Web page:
What is genocide?
The term “genocide” was coined in 1944 by a Polish lawyer, Raphael Lemkin, to describe the Nazi’s systematic murder of the European Jews and other groups. In Lemkin’s words, genocide is “a coordinated plan of different actions aiming at the destruction of essential foundations of the life of national groups, with the aim of annihilating the groups themselves.”
The crime of genocide is an attack upon human diversity, committed against specific human groups with the intent to destroy the very existence of the group. It is one of the gravest breaches on the moral and physical integrity of individuals and societies.
“The crime of crimes”
In 1948, shocked by the scale of violence and atrocities committed during World War II, the international community adopted the Convention on the Prevention and Punishment of the Crime of Genocide. It defines genocide as the following acts, committed with intent to destroy a group, in whole or in part:
- Killing members of the group
- Causing serious bodily or mental harm to members of the group
- Deliberately inflicting on the group conditions of life calculated to bring about its physical destruction in whole or in part
- Imposing measures intended to prevent births within the group
- Forcibly transferring children of the group to another group
“Genocide constitutes the crime of crimes, which must be taken into account when deciding the sentence.” (Kambanda judgment, International Criminal Tribunal for Rwanda)
The same convention establishes genocide as an international crime. Not only does it outlaw all acts of genocide, but it also criminalizes the following:
- Conspiracy to commit genocide
- Direct and public incitement to commit genocide
- Attempt and complicity in genocide
Over 140 States have ratified the Convention, committing to preventing acts of genocide and arrest and prosecute any individual suspected of genocide on their territory.
Since the 1990’s the international community stepped up its efforts to fight against impunity for genocide with the creation of several international tribunals, in particular the International Criminal Tribunal for the Former Yugoslavia, the International Criminal Tribunal for Rwanda and the International Criminal Court. Many States have also adopted legislation enabling their courts to prosecute and sanction authors of genocide, as exemplified in the case of Efraín Ríos Montt, the first former head of state to be prosecuted for genocide in a national court.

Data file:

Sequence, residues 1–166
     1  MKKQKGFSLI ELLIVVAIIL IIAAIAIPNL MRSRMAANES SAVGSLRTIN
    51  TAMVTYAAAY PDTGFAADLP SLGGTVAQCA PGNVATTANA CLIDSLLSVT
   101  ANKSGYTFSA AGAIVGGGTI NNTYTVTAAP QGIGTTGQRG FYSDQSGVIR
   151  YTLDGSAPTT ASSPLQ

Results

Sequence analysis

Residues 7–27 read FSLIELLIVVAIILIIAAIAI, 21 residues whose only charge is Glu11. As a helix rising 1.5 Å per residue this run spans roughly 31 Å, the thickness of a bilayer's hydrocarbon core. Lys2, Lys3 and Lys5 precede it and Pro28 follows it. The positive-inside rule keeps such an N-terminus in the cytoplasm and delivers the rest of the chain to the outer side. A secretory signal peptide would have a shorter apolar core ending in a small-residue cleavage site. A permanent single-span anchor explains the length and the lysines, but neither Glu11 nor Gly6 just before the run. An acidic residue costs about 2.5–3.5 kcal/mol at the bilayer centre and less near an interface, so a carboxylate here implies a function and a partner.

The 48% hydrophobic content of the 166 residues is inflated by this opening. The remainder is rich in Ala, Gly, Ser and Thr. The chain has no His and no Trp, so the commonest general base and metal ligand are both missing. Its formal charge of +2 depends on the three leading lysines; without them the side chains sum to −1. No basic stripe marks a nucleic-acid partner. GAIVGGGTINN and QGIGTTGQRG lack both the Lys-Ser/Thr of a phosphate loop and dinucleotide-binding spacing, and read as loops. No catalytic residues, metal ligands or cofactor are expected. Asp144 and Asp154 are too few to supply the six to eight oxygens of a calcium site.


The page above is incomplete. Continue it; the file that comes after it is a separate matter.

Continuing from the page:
Despite these efforts, genocide is far from being eradicated and thousands of victims still await reparations. According to different sources, 80 to 250 million people have died from genocide in the 20th century.
TRIAL International acts against genocide
Many states continue to tolerate the presence of authors of genocide on their territory, while countless victims of genocide still await justice and compensation for the crimes they have suffered. For these reasons, TRIAL International adopts a double approach to fighting genocide.
Helping the victims
TRIAL International provides free legal aid to victims of genocide by submitting their complaints before regional and international human rights mechanisms, such as the European Court of Human Rights and the United Nations Human Rights Committee. It also work towards the implementation of the cases won at the national level to ensure victims closure and reparation.
Prosecuting the perpetrators
Unlike other human rights violations, war crimes do not engage State responsibility but individual criminal responsibility. This means that individuals can be tried and found personally responsible for these crimes.
TRIAL International submits criminal complaints against the perpetrators of genocide, either in the countries where the crimes were committed or in a third country (for example when the victim or the perpetrator is from that country, or if it has universal jurisdiction on the crime), exploring all legal avenues to bring the perpetrators before justice.